Douai Communal Cemetery

Historical Information (Source: CWGC)

Douai was occupied by French troops and the Royal Naval Air Service on the 22nd September, 1914, and captured by the Germans on the 1st October; it remained in enemy hands until the 17th October, 1918. The 42nd Casualty Clearing Station was posted in the town from the 28th October, 1918, to the 25th November, 1919. Douai Communal Cemetery was used during the occupation years of 1914-18 by the Germans for prisoners of war and British, French, Russian, Rumanian and Italian soldiers, as well as German soldiers were buried in it. During the 1939-45 War Douai was in British hands until the German break through in May, 1940. The 1st Corps Headquarters were at Cuincy, on the western edge of the town, from October, 1939 onwards and Douai was one of the towns from which the Allied advance into Belgium was launched early in May, 1940, only to be followed by the collapse of the French and Belgian units and the consequent withdrawal of the British element towards Dunkirk.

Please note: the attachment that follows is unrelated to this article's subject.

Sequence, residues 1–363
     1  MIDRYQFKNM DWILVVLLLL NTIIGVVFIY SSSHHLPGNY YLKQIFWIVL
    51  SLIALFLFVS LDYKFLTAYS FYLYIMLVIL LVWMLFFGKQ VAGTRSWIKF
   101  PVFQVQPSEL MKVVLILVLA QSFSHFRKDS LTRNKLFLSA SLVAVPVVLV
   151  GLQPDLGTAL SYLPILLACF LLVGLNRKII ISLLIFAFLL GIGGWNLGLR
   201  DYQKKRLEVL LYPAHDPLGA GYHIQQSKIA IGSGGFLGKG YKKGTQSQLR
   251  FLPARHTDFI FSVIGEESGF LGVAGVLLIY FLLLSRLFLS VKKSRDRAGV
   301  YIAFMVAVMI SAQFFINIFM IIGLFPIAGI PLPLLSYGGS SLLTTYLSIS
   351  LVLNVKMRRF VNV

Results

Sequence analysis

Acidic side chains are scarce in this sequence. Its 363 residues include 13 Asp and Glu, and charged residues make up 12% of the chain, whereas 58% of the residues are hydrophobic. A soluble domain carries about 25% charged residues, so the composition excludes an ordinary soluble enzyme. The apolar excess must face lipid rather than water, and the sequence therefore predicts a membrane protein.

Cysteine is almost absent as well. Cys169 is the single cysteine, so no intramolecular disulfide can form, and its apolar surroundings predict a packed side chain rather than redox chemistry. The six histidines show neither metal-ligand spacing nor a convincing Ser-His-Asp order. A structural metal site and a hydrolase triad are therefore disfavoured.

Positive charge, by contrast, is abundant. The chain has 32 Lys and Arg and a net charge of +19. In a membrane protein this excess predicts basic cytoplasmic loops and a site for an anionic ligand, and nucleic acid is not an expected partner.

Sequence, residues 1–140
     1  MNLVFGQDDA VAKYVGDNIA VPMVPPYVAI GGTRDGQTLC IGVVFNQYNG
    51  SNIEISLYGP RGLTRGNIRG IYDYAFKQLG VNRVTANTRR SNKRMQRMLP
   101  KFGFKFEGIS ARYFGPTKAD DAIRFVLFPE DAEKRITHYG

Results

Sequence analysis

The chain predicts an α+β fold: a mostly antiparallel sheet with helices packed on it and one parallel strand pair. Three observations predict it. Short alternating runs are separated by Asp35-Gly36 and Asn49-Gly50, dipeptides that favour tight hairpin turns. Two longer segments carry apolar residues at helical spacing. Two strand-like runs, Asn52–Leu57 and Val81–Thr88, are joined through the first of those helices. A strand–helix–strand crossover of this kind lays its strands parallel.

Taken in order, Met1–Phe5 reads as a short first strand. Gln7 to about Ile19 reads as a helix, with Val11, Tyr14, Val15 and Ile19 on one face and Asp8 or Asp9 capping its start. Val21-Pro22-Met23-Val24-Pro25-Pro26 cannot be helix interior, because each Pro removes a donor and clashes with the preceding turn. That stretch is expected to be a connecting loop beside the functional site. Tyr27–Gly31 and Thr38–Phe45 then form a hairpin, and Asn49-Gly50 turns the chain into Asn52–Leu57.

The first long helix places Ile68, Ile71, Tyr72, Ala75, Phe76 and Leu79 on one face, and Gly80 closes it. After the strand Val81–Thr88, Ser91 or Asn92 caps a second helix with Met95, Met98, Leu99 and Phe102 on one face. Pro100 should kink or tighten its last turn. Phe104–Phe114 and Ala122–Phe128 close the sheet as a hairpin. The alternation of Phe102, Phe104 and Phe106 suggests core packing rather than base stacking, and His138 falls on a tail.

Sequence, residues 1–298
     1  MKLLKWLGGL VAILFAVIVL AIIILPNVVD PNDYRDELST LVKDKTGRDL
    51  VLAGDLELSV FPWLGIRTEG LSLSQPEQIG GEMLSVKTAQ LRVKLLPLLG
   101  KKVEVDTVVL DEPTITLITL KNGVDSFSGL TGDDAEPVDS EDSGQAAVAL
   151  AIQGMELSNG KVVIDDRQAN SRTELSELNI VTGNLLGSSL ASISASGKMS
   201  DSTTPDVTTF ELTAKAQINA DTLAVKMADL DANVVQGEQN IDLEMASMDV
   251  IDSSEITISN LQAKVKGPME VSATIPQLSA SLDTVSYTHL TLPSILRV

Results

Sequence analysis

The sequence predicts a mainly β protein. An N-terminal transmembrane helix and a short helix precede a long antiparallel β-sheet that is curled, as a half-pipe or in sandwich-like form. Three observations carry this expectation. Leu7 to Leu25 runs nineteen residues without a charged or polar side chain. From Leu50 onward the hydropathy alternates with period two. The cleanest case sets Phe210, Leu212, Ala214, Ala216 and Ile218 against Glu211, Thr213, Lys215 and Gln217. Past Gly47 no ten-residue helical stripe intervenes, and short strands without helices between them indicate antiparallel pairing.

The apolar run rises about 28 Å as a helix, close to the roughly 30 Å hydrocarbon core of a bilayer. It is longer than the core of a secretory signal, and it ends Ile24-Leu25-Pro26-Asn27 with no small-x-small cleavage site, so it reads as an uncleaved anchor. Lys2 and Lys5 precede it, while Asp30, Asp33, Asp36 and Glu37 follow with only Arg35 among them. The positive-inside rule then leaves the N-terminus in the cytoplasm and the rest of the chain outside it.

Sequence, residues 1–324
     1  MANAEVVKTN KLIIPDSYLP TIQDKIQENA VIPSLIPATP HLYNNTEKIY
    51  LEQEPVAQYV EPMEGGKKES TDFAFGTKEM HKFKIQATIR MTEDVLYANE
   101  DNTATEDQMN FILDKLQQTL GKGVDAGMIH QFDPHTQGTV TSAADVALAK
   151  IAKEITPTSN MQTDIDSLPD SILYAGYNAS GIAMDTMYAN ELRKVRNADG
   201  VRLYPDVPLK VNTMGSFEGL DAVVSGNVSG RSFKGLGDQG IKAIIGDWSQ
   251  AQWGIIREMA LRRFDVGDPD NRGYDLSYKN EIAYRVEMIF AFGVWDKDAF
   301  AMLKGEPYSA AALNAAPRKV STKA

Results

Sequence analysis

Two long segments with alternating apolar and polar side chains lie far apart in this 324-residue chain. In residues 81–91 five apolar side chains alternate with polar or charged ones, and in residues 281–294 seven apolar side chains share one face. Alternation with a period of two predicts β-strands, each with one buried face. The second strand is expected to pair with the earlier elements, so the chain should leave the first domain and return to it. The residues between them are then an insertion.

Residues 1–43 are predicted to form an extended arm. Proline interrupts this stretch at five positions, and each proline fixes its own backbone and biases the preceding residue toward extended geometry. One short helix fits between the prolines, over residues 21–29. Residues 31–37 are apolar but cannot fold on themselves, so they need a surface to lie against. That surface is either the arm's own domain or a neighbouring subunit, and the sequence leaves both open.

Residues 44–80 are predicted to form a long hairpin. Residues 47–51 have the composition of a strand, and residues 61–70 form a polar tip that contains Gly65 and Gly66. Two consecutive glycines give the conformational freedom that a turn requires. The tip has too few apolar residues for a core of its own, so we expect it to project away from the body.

There are now 222 Commonwealth burials of the 1914-1918 war commemorated in this site, 19 being unidentified and a further 46 Commonwealth burials of the 1939-1945 war here.

 

There are also 247 French, 113 Russsian and 13 Romanian burials of the 1914-1918 war here.

 

Served with

  • United Kingdom (224)
  • Russian (106)
  • Canadian (14)
  • Romanian (12)
  • Australian (7)
  • New Zealand (3)
  • South African (1)

Served in

  • Army (350)
  • Air Force (14)
  • Navy (3)
Douai Com Cem
PDF – 492.7 KB